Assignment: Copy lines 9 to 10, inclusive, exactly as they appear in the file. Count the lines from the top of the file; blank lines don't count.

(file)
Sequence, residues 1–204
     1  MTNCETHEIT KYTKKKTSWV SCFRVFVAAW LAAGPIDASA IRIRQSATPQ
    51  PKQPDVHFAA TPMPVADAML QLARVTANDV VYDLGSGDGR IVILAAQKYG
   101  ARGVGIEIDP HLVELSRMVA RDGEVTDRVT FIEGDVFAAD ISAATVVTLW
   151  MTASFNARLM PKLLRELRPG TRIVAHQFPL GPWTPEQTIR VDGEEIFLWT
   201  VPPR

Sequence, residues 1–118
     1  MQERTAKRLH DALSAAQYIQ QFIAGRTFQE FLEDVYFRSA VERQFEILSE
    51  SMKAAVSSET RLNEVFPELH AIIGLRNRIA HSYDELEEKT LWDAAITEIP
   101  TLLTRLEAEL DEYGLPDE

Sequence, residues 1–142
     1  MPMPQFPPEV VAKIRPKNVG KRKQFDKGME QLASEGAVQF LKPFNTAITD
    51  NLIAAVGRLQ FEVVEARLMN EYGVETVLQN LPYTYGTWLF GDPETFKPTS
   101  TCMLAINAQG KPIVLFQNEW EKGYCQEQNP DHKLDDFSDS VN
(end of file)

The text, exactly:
    51  SMKAAVSSET RLNEVFPELH AIIGLRNRIA HSYDELEEKT LWDAAITEIP
   101  TLLTRLEAEL DEYGLPDE